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[Xmca-l] Re: the genetic roots of thought and speech



Francine. I am uncertain of how to interpret the following thought in this
note:

My reading of Vygotsky is that only speech vocalizations that fuse with
thought
(based on sensori-motor experience) can produce 'word' meanings that are
internalized
as the inner speech that creates higher mental functions (consciously
regulated
thought processes).

Do you mean that Vygotsky erred in this conclusion? Clearly the Dean of our
division of social sciences i capable of higher psychological functions.
Following Vera and many others I really like a multi-modality meaning
making interpretation of LSV, but I am an amateur in figuring out issues of
language. Which is why I depend upon all of you!  :-)
mike


On Tue, Dec 23, 2014 at 4:59 PM, larry smolucha <lsmolucha@hotmail.com>
wrote:

> Message from Francine:
>
> This reminds me of a debate that I had with Greg Thompson over a year ago
> about hearing impaired people  who do not have speech
> but use hand sign language. Hand sign language is a sensori-motor semiotic
> systems that communicates thoughts to others. This is a semiotic fusion
> that
> does not involve speech. Dance is another sensori-motor fusion with thought
> (which is itself based on sensori-motor experience). Visual symbols systems
> are another.
>
> My reading of Vygotsky is that only speech vocalizations that fuse with
> thought
> (based on sensori-motor experience) can produce 'word' meanings that are
> internalized
> as the inner speech that creates higher mental functions (consciously
> regulated
> thought processes).
>
> > Date: Tue, 23 Dec 2014 09:54:14 -0800
> > From: lpscholar2@gmail.com
> > To: xmca-l@mailman.ucsd.edu
> > Subject: [Xmca-l]  the genetic roots of thought and speech
> >
> > Francine asked us to re-read Chapter 4 "the Genetic Roots' of Thought and
> > Speech.
> > This paragraph was critical
> >
> > "we are forced to conclude that FUSION of thought and speech, in adults
> as
> > well as in children, is a phenomenon limited to a CIRCUMSCRIBED area.
> > Nonverbal thought and nonintellectual speech do NOT participate in THIS
> > FUSION and are affected indirectly by the processes of verbal thought"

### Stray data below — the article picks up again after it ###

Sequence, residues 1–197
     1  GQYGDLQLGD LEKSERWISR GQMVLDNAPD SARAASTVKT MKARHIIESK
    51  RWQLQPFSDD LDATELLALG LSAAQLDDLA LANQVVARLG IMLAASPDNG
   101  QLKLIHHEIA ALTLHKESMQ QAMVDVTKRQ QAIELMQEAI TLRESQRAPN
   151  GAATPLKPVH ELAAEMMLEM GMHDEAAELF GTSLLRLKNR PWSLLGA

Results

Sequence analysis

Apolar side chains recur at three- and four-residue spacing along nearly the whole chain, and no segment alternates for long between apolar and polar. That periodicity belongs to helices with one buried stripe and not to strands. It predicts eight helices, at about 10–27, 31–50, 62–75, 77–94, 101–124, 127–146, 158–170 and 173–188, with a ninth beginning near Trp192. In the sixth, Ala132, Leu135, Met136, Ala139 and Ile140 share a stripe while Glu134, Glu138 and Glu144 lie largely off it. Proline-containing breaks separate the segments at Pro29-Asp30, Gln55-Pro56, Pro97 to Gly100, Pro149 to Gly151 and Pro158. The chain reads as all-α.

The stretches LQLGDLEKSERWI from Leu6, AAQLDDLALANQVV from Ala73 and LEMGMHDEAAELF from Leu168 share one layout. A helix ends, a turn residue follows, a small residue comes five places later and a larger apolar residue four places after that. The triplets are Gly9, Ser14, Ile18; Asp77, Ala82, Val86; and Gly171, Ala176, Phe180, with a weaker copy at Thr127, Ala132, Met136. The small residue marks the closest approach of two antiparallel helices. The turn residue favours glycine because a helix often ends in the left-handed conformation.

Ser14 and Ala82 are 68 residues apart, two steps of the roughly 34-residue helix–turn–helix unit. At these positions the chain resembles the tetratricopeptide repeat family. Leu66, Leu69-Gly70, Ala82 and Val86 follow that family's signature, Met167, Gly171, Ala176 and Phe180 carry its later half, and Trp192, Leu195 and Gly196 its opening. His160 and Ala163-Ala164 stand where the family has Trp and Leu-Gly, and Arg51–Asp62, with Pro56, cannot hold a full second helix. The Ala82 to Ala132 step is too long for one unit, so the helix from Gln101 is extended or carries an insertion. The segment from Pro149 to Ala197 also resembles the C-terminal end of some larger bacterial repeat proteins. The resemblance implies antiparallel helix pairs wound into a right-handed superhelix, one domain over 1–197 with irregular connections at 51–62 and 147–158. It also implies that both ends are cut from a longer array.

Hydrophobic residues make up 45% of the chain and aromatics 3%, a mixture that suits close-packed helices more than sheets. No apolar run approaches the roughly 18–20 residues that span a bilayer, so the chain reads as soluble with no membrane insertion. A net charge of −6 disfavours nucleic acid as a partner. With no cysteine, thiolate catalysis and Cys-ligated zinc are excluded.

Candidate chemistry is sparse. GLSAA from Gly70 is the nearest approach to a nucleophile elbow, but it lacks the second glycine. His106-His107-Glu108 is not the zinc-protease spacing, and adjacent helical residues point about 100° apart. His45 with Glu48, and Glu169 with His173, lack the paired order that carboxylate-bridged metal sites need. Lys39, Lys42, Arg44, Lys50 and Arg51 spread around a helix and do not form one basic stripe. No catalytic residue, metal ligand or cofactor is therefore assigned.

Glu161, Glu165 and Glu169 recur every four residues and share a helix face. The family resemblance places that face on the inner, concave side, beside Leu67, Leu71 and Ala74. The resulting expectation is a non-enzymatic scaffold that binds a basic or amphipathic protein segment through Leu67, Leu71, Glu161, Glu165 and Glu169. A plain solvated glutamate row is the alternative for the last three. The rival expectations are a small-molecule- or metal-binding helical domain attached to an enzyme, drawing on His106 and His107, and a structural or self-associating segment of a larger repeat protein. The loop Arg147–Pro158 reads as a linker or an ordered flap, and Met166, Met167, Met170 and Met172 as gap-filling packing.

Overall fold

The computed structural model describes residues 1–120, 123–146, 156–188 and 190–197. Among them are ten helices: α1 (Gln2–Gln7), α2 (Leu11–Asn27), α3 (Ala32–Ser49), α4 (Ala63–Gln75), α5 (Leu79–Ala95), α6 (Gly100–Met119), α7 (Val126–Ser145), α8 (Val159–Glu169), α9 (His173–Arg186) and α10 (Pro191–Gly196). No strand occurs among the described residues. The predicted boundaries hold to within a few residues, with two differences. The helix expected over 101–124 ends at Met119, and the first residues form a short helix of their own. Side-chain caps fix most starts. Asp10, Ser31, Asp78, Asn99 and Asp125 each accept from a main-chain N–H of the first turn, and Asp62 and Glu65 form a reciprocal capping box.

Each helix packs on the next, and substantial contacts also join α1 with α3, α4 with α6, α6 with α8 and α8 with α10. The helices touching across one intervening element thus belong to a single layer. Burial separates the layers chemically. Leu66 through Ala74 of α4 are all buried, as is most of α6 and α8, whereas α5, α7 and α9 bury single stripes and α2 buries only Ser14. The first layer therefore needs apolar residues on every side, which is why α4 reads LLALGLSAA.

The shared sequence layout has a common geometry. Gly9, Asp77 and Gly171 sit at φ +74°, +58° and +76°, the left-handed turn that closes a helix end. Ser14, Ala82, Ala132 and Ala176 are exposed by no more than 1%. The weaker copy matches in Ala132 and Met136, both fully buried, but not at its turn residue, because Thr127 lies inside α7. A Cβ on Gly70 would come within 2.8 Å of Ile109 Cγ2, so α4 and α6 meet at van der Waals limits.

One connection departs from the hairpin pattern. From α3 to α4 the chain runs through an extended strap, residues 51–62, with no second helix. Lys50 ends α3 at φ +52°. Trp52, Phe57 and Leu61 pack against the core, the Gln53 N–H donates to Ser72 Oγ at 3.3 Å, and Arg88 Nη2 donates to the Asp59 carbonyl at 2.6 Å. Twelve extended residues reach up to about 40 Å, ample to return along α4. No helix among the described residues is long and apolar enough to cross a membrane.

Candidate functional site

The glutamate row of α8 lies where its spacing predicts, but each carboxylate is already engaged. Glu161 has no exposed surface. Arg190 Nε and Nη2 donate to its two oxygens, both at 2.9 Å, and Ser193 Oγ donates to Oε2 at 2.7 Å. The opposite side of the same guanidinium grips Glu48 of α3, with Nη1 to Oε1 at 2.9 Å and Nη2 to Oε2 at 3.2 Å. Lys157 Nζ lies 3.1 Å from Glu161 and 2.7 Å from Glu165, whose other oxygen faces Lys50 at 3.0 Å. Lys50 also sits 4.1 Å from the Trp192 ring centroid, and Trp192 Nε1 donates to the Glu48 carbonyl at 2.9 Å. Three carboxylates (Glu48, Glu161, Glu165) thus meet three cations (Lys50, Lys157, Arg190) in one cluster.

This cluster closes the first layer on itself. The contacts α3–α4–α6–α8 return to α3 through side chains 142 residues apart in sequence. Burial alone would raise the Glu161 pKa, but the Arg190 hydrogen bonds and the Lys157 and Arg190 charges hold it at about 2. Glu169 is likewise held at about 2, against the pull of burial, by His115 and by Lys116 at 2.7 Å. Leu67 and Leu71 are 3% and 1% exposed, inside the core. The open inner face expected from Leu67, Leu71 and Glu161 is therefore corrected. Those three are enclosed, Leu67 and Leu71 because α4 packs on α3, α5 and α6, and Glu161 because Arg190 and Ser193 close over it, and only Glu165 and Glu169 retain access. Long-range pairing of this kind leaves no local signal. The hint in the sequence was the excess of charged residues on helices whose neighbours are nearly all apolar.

> > [Vygotsky, page 48]
> >
> > Reading this opens for me the question of all the other functions of
> speech
> > in the adult that are not directly influenced by thought and all the
> > functions of thought that are not affected by speech.
> > In particular are there forms of *imaging* that are thoughts but not
> > functioning in speech. Do these paths of image and thought also develop
> and
> > fuse?
> >
> > All the functions that Vygotsky explores in the primates and in children
> > PRIOR to the reciprocal interweaving of thought and language continue to
> > function in adults. For example the sounds of speech as offering "release
> > from tension or anxiety" or the sounds as ways of *connecting* and
> > *bonding*.
> > It seems that to privilege the fusion of thought and language as dominant
> > modes of designing places/spaces [such as the third space] makes the
> other
> > functions [speech alone] [thought alone] nondominant modes when the
> > necessity for connection may be prior to and dominant when reflecting on
> > the fused mode of thought and language as a partial unity.
> > In other words, the unit of analysis is the relation of thought alone AND
> > speech alone AND image alone AND all their actual fusions as other
> partial
> > modes.
> > This as a multi-modal understanding.
> > I hope this is the right length
> > Larry
>




-- 
It is the dilemma of psychology to deal with a natural science as an object
that creates history. Ernst Boesch.